Matters Of Moment, May 1956



The Skill of Archie Scott-Brown

Those who were at Goodwood on the occasion of the B.A.R.C. Easter Meeting were able to witness the great duel between Archie Scott-Brown in a works Connaught and Stirling Moss in a works Maserati. On this epic occasion Scott-Brown displayed outstanding skill and judgment, and it is apparent that he ranks with Hawthorn, Moss, Brooks and Collins as one of Britain’s drivers of Grand Prix calibre. He led Moss for half the Richmond Formula 1 Race, until erratic brakes forced him to slow, and a lap later the engine of his Connaught — which was known to be “tired” before the race, the best engines having been out in the Syracuse entries — broke up and he spun off. Even then this astonishing driver came to no harm and displayed no emotion; in action he had given a remarkable demonstration of driving, controlling his car from impossible-looking slides and giving Moss much to think about! This ability is all the more creditable because Scott-Brown has only been racing for three seasons and in sports cars, his first race in a G.P. car being at Brands Hatch in the rain on Boxing Day, so that Goodwood marked his first real debut in this exacting sphere of the Sport. True, he over-revved his engine in practice, which may have precipitated its “blow-up” in the race, but he wasn’t alone in this, for Moss made the Maserati suffer likewise, as our report in this issue will show.

In recording our appreciation of Scott-Brown’s driving we would add our admiration for Connaught, who had three cars at Goodwood and entered two for Syracuse, whereas B.R.M. had only two cars running on Easter Monday, neither B.R.M. nor Vanwall being ready for the Sicilian race.

The S.M.M.T. President on Rear-Engined Cars

Dr. F. Llewellyn Smith, of Rolls-Royce Ltd., President of the S.M.M.T. got himself into the headlines of the Daily Express recently when he replied officially on behalf of his Society to an earlier article by Harry Ferguson, in which the great tractor manufacturer expressed he opinion that the basic fault in British cars is poor traction, to cure which he had advocated rear-engined, rear-drive designs.

Stating “I’m on your tail. Mr. Ferguson,” Dr. Llewellyn Smith called Ferguson’s views on engines in the tail “ill-informed,misleading and a red herring.” To justify these remarks he said he was sure that Mr. Ferguson knows as well as anyone else “the disadvantages of steering a car which is tail-heavy,” and continued, “Rear-engined cars usually have chronic oversteer characteristics which are particularly noticeable on sharp corners in wet or icy weather. Exceptional care is also necessary when braking on downhill corners, particularly when the surface is slippery, because weight at the rear causes the tail of the car to slide. Apart from the noise and the tendency for rear-engined cars to spin in wet and icy weather, there is also the problem of where to put the petrol tank. If the tank is at the front there is always a big risk of fire, whereas on front-engined models it can be placed out of harm’s way at the back. These facts have been proved by searching tests.”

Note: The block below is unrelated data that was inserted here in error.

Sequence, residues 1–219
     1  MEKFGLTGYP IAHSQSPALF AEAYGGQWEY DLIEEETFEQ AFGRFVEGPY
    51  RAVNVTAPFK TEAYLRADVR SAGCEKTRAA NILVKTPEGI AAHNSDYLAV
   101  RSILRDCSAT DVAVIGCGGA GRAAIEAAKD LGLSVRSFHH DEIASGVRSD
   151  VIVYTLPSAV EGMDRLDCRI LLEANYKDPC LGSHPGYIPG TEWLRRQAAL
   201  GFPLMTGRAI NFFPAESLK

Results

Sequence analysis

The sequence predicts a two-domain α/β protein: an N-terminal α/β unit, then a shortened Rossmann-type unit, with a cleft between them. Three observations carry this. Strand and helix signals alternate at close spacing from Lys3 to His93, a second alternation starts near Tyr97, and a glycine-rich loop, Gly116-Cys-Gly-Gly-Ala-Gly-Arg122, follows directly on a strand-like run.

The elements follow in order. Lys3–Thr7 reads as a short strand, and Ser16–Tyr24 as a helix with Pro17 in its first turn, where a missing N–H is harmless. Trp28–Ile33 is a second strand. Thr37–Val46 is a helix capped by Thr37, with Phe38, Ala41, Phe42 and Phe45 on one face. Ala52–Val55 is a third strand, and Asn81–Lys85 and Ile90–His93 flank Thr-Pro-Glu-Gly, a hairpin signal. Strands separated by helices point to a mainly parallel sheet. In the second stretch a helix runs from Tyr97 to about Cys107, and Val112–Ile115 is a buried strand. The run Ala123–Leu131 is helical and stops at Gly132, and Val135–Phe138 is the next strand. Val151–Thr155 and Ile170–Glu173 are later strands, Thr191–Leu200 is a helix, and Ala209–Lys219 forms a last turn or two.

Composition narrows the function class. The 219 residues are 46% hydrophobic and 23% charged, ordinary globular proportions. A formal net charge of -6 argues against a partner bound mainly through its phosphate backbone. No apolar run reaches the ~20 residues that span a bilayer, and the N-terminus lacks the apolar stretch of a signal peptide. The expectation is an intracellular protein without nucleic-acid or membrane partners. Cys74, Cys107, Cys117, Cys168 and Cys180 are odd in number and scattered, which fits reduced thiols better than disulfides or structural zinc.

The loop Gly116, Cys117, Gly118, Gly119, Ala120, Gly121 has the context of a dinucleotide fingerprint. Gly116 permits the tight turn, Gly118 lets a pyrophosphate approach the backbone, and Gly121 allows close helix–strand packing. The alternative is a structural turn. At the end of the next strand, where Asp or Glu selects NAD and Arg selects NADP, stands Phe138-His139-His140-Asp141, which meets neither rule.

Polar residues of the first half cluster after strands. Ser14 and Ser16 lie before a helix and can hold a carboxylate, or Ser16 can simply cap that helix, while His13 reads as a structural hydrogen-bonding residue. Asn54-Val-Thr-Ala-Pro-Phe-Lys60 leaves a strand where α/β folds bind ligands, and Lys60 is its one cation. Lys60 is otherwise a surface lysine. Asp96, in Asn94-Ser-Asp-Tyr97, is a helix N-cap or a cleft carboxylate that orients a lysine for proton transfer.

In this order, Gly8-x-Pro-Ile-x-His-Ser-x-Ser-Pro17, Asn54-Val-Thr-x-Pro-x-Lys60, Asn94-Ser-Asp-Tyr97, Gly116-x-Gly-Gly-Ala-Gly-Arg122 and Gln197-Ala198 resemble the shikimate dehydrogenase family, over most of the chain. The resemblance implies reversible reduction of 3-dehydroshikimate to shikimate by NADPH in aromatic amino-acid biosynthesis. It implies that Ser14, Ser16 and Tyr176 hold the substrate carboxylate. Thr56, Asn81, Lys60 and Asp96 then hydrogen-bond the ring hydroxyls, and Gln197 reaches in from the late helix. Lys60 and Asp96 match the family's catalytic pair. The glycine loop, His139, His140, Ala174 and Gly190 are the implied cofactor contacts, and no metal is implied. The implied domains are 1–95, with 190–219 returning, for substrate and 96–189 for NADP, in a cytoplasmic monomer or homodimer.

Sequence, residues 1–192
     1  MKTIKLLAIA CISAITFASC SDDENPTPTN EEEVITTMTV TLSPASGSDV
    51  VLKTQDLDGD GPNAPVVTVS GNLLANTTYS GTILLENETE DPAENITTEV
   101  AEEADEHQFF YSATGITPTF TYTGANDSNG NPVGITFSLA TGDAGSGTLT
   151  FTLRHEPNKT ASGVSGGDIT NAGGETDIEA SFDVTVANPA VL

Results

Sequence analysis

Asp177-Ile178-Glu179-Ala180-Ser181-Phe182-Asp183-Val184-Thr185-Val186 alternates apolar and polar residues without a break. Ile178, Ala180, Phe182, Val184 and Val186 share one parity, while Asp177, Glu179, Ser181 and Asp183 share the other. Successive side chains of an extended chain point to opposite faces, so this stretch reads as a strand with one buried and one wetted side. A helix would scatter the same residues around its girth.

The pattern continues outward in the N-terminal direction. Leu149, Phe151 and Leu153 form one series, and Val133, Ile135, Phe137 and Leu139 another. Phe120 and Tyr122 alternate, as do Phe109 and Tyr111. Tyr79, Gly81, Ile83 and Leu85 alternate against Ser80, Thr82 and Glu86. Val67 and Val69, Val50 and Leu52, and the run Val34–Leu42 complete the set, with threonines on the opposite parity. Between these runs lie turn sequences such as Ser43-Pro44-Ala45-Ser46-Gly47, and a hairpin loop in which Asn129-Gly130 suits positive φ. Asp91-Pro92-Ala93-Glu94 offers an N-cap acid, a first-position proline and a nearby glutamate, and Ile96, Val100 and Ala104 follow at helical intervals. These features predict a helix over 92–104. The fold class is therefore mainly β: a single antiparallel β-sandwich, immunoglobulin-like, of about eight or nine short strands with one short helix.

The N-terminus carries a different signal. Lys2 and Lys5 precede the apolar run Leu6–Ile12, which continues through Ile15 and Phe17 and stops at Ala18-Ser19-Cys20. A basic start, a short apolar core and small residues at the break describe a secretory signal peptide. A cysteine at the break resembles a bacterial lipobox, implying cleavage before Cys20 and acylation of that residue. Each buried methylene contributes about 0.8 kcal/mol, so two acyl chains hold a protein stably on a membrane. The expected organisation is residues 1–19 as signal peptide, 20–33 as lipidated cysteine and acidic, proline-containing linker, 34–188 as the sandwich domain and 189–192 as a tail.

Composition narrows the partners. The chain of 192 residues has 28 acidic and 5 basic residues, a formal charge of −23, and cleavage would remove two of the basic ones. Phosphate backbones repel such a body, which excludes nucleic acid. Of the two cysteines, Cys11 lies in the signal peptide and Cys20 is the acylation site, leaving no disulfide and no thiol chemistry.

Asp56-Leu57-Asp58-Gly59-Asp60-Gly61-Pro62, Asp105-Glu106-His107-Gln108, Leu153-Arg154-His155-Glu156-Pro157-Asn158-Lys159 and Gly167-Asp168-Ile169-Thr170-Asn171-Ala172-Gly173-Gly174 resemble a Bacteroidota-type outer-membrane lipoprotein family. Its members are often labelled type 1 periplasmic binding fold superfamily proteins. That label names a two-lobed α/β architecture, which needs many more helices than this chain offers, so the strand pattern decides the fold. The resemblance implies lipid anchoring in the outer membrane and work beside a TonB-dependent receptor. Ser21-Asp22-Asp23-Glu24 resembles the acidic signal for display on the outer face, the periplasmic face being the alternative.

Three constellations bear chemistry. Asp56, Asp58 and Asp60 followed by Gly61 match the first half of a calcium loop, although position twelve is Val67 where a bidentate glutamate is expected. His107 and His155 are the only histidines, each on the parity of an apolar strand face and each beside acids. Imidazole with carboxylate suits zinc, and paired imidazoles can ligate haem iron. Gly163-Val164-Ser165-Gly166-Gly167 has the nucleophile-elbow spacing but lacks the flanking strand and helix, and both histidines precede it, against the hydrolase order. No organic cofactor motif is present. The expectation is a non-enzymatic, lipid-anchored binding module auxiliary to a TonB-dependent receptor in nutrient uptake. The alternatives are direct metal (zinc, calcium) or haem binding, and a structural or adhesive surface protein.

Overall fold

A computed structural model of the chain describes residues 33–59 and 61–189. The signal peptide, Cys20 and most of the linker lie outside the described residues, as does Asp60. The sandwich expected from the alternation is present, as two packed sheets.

From these comments it must be concluded that the President of the S.M.M.T. has never had the pleasure of driving a Fiat 600, a Renault Dauphine, or the latest Porsche. Indeed, Dr. Smith has apparently never studied the desigin of the Renault Dauphine, in which the petrol tank is in the least vulnerable position of all, beneath the back seat, and which possesses outstanding handling qualities although the power is in the tail.

Dr. Smith makes another remarkable statement, viz.: “Before the war a famous German rear-engined racing car design was abandoned for these very reasons.”One can only presume he is thinking of the experimental Benz of 1923, because Auto-Union had success after success with their rear-engined Grand Prix cars right up to the outbreak of war. True, the weight distribution was altered, as it has been on the Porsche, during the lifetime of these cars, but the engine was always positioned behind the driver, and Nuvolari won the last pre-war Grand Prix in an Auto-Union, at Belgrade, at an average speed of 81.21 m.p.h.

All in all, it seems as if it is the views of Dr. Smith which are ill-informed, misleading and redolent of herrings.

Air or Water?

Mr. C. G. Norman, the Citroen and Austin agent, was quoted Iast month by a contemporary as saying that nearly all the cars they towed in last winter with frozen engines had an anti-freeze label on the windscreen, and most of those labels had been there for twelve-months or even more.

The moral is that anti-freeze can evaporate or get diluted, but we also know of cases during the past hard winter where the recommended dose of a reputable anti-freeze liquid failed to stop the radiator freezing within a matter of days. Moreover, anti-freeze not only costs money in itself but it can corrode vital parts of the engine and so cause big repair bills. As a garage-friend observed while the freeze-up was at its worst: “I put anti-freeze in for them in the autumn and back they come in the spring for a replacement engine”!

So Mr. Norman may feel inclined to go in for a distributorship in air-cooled cars, which does not mean necessarily the “people’s car,” for apart from the Citroen 2 c.v. he already represents, there are the Dyna-Panhard and Porsche. It is really a choice between hot air or iced water . . .